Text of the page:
In onion there is strength

The traders were heartless to the helpless farmers because the latter shied away from their cold storage facilities.

Onions signify strength against disease, and the smell of a hot dish so well fried in onions strengthens humankind’s appetite for a special cuisine.

Onions are a source of economic strength — you can buy them for P8 per kilo in San Jose, Occidental Mindoro, and sell the same for P700 in Metro Manila.

Such is the hunger for money and bread, illustrating the inhumanity of traders to the hapless farmers of San Jose and Magsaysay, Occidental Mindoro. These traders, worse than the harabas pest that destroyed metric tons of onions worth a hundred million, destroyed the human spirit of one farmer who committed suicide out of utter dismay after losing everything that she owned and valued in life.

Past and some current officials of the Department of Agriculture have a distorted sense of direction and values. Their plans are counterproductive and inimical to the interests and welfare of our farmers and our people. Most of the time the department is on the side of the traders.

The case of one kilo of onions purchased by a trader for P8 from a hapless farmer and selling the same for P700 at the height of the shortage is a global shame. This is the appropriate time to apply the Benhur Abalos solution. Ask all the DA planners to tender their resignations.

If you do not change the people, the same things will happen again; they will continue to do the same — collude with the traders to make money. Commission on Audit auditors are out there, but when people ask them why they can’t stop this monkey business, they will answer you, “sa post audit lang po kami.” (We only do post audit).

Yes, that is correct. But it is the duty of CoA as master planners to keep management aware of the level of availability of supply of this fundamental item in the life of every Filipino — that no one will ever be wanting.

Congress should consider changing the audit system.

Before CoA state auditors are sent out on field assignments, they are required to complete a course on value-for-money audits. This includes mastery of agency plans, programs, and projects.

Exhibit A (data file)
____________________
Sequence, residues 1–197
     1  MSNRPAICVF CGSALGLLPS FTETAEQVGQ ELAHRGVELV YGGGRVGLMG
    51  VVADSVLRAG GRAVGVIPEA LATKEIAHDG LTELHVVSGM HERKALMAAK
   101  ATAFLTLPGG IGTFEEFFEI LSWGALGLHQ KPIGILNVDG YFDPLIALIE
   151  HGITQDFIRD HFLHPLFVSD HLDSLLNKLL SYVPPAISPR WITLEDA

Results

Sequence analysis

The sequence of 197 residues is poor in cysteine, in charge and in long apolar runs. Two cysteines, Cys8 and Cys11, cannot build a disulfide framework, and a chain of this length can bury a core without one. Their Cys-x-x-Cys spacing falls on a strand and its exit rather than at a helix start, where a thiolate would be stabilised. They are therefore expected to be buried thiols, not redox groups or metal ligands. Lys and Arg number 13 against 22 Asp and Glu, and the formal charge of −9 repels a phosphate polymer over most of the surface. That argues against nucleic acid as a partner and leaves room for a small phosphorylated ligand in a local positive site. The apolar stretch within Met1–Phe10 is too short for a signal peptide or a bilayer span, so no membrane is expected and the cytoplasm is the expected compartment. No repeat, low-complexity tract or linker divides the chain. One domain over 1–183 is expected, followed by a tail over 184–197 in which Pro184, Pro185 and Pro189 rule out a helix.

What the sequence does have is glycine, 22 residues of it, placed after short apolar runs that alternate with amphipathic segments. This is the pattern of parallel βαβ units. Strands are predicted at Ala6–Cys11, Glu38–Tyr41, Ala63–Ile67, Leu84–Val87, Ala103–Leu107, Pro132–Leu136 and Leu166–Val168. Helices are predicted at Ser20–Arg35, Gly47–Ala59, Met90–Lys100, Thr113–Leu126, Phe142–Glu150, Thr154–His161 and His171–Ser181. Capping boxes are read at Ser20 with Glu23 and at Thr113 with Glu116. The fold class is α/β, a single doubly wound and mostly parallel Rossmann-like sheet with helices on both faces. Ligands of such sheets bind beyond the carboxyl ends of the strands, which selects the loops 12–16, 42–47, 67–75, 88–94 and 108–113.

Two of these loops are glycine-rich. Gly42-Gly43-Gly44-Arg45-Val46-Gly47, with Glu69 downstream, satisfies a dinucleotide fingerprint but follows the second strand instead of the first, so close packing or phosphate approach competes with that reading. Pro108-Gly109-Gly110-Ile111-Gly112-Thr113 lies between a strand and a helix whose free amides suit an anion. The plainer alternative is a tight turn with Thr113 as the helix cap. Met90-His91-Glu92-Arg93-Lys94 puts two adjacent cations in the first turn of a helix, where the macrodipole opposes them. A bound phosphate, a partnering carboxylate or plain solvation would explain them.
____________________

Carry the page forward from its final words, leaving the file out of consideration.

The traders were heartless to the helpless farmers because the latter shied away from their cold storage facilities. The traders were so far away that the farmers were forced to sell their onions so cheaply because they could not afford the cost of transporting them miles away. This reminds us of the irony — the failure of the Proceso Alcala administration to implement the farm-to-market road development program, which instead incurred a loss of P451 billion in the fiasco.

It was in January 2022, or even earlier, when onion prices in Occidental Mindoro increased. The Department of Agriculture allocated a P5 million financial grant each to eight cooperatives as an investment to purchase onions.

Meanwhile, the harabas pest damaged 5,300 metric tons of onions valued at P99 million. The month before, farmers were forced to throw away their harvested onions or just let their crops rot because they could not sell them in markets that were miles away. Transportation costs were too high. The traders did not buy their onions. Traders have control of storage, they can keep their unsold supply.

Before going any further on the economic strength of onions, let us go back to many of its wonderful strengths. Farmers for centuries have cultivated onions or allium vegetables.

Onions contain antioxidants and compounds that fight inflammation, decrease triglycerides and reduce cholesterol levels, all of which may lower heart disease risk. Their potent anti-inflammatory properties may also reduce high blood pressure and protect against blood clots. Onions contain a wealth of chemicals that help fight cancer. Onions are among the richest food source of nutrients.

According to the Food and Agriculture Organization of the United Nations, China is the largest producer of onions worldwide.

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